CHICAGO—Detoxifying diets claiming to cleanse cells, purge contaminants, rejuvenate immunity, revitalize the skin or in some other way restore our bodies are not medically or scientifically valid, but rather may mask symptoms or delay diagnosis of illness. This is according to the latest issue of Food Technology magazine and diet experts Roger A. Clemens and Peter Pressman.
Detox diets have appeared in society for thousands of years despite the absence of sufficient scientific or medical evidence in support of their claims, according to Clemens and Pressman. They say dieters’ claims of beneficial results—reduced bloating, clearer skin, decreased headaches, for example—were achieved not by detoxifying but by eating less food, improving hydration and reducing or eliminating the intake of caffeine or alcohol, or similar.
“The suggestion that our bodies’ elimination of harmful substances is enhanced due to a detox diet is categorically unsubstantiated,” says Clemens, a nutritional biochemist at USC School of Pharmacy and a functional foods expert with the Institute of Food Technologists. “It runs counter to our understanding of human physiology and biochemistry.”
Healthy adults may feel better and more energetic after a detox diet as a result of simplifying what may have been a poor diet, according to Pressman, a practicing physician at Cedars Sinai in Los Angeles.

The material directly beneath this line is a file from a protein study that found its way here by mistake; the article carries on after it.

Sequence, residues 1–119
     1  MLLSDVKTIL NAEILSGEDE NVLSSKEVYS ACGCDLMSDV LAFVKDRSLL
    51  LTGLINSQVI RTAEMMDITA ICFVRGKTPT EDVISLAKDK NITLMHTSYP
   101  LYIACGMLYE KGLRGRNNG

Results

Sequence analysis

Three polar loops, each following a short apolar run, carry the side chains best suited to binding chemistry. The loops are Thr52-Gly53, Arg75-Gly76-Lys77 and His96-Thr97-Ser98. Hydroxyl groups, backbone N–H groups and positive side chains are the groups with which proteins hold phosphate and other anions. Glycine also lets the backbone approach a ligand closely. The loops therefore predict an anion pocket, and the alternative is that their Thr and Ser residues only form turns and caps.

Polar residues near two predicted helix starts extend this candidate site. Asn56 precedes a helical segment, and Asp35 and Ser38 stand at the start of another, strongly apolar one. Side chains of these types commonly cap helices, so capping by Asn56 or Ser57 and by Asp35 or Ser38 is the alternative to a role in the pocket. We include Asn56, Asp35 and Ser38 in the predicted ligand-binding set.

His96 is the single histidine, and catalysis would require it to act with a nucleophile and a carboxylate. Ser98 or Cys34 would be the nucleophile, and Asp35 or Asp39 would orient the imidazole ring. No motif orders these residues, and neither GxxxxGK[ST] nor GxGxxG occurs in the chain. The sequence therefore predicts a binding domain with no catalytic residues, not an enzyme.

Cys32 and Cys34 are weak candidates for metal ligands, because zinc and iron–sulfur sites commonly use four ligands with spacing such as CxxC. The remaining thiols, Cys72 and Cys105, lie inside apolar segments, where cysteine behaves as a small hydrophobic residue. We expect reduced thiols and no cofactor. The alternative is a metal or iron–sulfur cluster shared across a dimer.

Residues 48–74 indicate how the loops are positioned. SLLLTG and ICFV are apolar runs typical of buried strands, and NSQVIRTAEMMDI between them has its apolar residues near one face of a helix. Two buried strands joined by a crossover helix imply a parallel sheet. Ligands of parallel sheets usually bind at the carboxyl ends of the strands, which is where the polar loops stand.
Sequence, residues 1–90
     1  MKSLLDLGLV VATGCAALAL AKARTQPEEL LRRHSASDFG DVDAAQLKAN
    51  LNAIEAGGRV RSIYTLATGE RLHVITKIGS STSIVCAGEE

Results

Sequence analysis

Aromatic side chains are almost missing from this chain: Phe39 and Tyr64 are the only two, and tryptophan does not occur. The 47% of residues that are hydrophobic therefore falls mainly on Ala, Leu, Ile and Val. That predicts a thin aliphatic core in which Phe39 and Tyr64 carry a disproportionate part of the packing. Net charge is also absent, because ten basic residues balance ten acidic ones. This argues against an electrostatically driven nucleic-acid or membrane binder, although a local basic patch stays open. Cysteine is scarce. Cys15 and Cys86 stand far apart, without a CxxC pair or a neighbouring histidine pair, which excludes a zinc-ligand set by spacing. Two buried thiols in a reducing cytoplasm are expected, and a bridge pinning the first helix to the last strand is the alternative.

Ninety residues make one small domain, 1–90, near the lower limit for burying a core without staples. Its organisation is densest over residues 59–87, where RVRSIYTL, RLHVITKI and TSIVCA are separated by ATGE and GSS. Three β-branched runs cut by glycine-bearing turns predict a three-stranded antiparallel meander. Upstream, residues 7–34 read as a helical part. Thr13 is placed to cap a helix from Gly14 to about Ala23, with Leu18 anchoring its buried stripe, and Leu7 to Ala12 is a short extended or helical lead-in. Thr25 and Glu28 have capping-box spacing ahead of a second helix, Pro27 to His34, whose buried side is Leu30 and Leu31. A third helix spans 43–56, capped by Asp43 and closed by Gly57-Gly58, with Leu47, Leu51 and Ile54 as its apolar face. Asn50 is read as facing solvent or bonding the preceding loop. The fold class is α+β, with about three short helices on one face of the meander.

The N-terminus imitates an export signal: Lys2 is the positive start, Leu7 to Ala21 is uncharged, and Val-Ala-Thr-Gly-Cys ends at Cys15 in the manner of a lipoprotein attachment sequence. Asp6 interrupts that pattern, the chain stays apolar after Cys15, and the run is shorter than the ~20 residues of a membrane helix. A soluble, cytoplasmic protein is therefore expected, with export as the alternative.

“The results reflect a change in their energy balance, burning more calories than they ingest. It’s not the elimination of toxins.”
Pressman is quick to point out that “Healthy adults, even overweight adults, have extraordinary systems for eliminating waste and regulating body chemistry. The liver, kidneys, gut and immune system effectively eliminate or neutralize toxic substances within hours of eating or drinking.”
The article points out that significant health risks can manifest following such radical diets.
What amounts to prolonged starvation may slow metabolism and breakdown fat stores. While antioxidant intake may rise, the negative impact of protein and caloric deprivation and other possible conditions likely far outweigh any benefits.
Detox diets should not be followed by youth, who are growing and developing, pregnant or breastfeeding women, anyone with chronic illness, heart disease or diabetes, and other conditions.
The bottom line is that a more healthful lifestyle includes eating a variety of foods from the basic food groups while staying within energy needs.
Food Technology is published monthly by IFT, providing news and analysis of the development, use, quality, safety, and regulation of food sources, products, and processes. It is accessible online at www.ift.org/foodtechnology.
Founded in 1939, and with world headquarters in Chicago, the Institute of Food Technologists is a not-for-profit international scientific society with 26,000 members working in food science, technology and related professions in industry, academia and government. As the society for food science and technology, IFT brings sound science to the public discussion of food issues. For more on IFT, see www.ift.org.
James Klapthor, Media Relations Manager
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